(7) $ 355,000 for renovation and repair of the heating, ventilating and air conditioning ("HVAC") system;
(8) prejudgment interest on all of the above amounts.
The FDIC concedes liability for the amounts First Bank claims for Meritor's unpaid "fixed quarterly rent" and for taxes, but contests the other items.
The court, of course, must interpret the term "contractual rent" under § 1821(e)(4)(B) of FIRREA as a matter of federal statutory law, not as the parties may define it by contract. They may not limit or expand the recovery of "contractual rent" simply by the word formulation they employ. Otherwise, the intent of the federal law could be undermined. Consequently, we must look behind the words of the lease to the purpose for which the lessee is to pay consideration. We must then determine whether the obligation falls under the statutory rubric of "contractual rent."
While FIRREA does not define "contractual rent," the term "rent" has traditionally meant consideration paid by the lessee for the use and occupancy of the leased property. See Black's Law Dictionary 1297 (6th ed. 1990). The lease sometimes commits the lessee, in return for the use and occupancy of the property, to the payment of periodic lump sums with the lessor paying for other items such as property taxes and maintenance costs. See, e.g., H.K.H. Co. v. American Mortg. Ins. Co., 685 F.2d 315, 317 n.1 (9th Cir. 1982). On the other hand, sometimes the lessee's obligation to the lessor is broken down into periodic payments plus a separate commitment to pay such particulars as taxes and maintenance. See, e.g. H.K.H. Co., 685 F.2d at 316; Woods v. Callahan, 172 F.2d 179, 182 (1st Cir. 1948). Any number of other variations may and commonly do occur. Whether in periodic lump sums or divided into several components, the payments to or on behalf of the lessor are all made in consideration of the use and occupancy of the leased property. We have found nothing to suggest that Congress intended the FDIC's liability for "contractual rent" to depend on which type of arrangement existed between the contracting parties so long as the lessee had a contractual obligation to pay. Under FIRREA, we conclude that "contractual rent" includes a lessee's responsibility under a lease for taxes and maintenance. See Pioneer Bank & Trust Co. v. Resolution Trust Corp., 793 F. Supp. 828, 830 n.8 (N.D. Ill. 1992).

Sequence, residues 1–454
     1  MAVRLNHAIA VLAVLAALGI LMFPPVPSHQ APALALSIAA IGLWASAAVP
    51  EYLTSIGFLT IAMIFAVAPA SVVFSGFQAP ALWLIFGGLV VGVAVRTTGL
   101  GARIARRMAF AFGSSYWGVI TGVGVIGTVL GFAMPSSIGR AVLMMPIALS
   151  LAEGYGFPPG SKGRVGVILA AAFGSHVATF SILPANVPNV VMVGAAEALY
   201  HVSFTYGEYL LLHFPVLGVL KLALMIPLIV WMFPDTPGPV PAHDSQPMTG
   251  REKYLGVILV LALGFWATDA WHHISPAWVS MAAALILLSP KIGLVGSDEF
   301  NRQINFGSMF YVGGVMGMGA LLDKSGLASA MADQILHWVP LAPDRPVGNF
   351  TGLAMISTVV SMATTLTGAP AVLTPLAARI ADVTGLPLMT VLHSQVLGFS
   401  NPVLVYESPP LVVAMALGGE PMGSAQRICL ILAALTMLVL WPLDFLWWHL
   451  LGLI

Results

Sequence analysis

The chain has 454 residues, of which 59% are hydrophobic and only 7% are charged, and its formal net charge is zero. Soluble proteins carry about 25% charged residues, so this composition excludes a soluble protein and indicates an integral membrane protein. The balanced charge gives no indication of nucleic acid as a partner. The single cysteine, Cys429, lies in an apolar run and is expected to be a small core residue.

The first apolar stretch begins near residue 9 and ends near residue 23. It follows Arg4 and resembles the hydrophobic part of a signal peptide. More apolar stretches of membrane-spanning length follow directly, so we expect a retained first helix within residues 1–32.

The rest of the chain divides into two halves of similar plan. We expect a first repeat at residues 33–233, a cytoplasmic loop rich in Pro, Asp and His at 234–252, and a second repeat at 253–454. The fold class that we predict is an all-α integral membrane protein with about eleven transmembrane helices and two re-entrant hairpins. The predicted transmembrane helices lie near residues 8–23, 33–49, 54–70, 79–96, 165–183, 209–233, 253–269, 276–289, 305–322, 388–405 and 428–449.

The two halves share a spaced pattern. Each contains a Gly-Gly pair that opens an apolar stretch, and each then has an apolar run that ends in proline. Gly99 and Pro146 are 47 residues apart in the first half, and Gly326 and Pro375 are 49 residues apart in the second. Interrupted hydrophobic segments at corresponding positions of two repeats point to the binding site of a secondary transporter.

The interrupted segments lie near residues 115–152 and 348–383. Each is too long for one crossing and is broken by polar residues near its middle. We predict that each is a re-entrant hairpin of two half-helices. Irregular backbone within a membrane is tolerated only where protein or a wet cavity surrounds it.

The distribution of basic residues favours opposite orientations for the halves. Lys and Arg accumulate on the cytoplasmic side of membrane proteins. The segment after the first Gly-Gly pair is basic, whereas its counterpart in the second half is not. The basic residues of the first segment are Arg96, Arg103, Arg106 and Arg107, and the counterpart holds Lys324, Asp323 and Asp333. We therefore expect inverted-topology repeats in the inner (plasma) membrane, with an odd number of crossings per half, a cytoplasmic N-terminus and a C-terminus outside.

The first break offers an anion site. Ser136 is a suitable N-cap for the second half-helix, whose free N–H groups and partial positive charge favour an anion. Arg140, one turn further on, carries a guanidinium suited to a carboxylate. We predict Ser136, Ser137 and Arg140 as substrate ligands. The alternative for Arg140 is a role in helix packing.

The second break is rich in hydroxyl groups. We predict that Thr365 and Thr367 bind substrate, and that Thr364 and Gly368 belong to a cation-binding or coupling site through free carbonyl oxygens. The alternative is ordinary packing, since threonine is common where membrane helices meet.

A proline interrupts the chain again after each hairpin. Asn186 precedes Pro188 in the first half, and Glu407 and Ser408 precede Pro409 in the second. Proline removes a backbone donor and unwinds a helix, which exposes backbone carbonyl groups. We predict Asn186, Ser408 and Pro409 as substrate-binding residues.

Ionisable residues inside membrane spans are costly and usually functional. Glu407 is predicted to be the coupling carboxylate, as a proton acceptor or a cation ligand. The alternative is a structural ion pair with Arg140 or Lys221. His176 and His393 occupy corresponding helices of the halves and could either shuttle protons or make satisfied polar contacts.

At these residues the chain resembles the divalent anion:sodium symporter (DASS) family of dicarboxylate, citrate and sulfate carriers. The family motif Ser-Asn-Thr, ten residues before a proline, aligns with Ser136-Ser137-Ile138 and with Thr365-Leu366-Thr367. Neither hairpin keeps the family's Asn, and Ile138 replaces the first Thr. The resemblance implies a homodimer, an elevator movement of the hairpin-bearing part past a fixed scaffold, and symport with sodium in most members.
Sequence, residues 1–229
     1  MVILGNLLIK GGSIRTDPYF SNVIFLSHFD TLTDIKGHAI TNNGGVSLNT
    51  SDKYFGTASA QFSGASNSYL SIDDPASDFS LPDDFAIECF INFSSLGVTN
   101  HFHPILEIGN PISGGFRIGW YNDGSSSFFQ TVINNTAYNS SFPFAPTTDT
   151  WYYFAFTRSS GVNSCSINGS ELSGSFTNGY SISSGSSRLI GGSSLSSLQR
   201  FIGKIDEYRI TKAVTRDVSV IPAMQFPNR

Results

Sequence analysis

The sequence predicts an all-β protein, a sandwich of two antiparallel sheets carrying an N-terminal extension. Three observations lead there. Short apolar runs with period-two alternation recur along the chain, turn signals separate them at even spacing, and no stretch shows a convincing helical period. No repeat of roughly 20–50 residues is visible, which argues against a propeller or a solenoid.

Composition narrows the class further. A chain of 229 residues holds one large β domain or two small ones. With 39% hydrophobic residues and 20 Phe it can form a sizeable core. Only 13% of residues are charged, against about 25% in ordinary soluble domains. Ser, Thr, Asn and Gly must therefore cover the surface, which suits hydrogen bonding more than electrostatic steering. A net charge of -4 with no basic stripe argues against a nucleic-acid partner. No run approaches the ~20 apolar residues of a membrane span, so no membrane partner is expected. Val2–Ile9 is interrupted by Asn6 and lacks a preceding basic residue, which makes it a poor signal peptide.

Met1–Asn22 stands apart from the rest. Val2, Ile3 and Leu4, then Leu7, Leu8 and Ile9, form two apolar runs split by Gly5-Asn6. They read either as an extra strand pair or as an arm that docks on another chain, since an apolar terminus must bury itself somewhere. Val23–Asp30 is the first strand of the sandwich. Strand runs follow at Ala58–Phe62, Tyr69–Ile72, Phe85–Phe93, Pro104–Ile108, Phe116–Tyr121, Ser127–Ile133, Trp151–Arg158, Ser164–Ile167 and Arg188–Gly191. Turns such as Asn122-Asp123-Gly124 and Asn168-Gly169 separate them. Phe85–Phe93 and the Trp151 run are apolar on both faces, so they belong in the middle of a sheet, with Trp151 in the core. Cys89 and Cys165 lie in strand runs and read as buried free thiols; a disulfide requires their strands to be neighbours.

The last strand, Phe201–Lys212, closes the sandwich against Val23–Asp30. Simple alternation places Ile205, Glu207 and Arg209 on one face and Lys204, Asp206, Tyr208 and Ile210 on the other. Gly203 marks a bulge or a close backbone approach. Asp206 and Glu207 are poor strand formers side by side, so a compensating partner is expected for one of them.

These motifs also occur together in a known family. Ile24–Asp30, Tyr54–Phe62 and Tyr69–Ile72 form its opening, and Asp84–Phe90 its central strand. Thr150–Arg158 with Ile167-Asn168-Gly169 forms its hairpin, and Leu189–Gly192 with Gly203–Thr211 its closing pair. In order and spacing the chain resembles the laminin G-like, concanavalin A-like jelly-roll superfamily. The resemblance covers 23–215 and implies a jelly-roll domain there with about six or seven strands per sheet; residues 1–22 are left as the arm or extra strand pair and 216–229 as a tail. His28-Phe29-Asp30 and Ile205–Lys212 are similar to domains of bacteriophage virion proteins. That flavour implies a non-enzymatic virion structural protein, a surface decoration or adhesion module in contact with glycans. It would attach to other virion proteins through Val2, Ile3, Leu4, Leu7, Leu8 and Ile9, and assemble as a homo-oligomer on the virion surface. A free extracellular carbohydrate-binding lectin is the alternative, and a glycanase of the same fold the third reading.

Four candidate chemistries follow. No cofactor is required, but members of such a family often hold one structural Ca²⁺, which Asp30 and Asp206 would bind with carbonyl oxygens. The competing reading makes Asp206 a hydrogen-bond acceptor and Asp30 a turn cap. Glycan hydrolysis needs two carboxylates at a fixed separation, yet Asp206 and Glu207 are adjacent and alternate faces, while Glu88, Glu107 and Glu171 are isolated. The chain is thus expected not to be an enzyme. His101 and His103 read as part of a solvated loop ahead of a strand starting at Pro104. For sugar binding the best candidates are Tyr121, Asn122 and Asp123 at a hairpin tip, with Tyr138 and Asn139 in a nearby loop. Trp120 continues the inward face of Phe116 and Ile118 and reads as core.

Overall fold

Nonetheless, we do not believe that Congress meant to include in the term "contractual rent" any contractual obligation on the part of a lessee to make capital expenditures or improvements. They are different in kind from ordinary repairs or maintenance. Capital expenditures have been defined as "any amount paid out for new buildings or for permanent improvements or betterments made to increase the value of any property or estate." I.R.C. § 263. Such improvements by their nature generally have a value to the lessor far beyond the value to the lessee. We have discovered no case or other authority in which such outlays have ever been considered to be "rent." Nor has anything been called to our attention that suggests it is customary or usual for lessees to make separate payments for capital improvements under a lease. Without any contrary indication from Congress, we conclude that capital outlays are not part of "contractual rent."
First Bank claims that Meritor should be held liable under paragraph 9(a) of the sublease for its failure to correct water infiltration problems which developed in the building before the date of the disaffirmance. This paragraph went far beyond ordinary repair and maintenance. As noted above, it required Meritor to "make all structural and non-structural, foreseen and unforeseen and ordinary and extraordinary changes and repairs which may be required to keep all parts of the Premises in good repair and condition ...."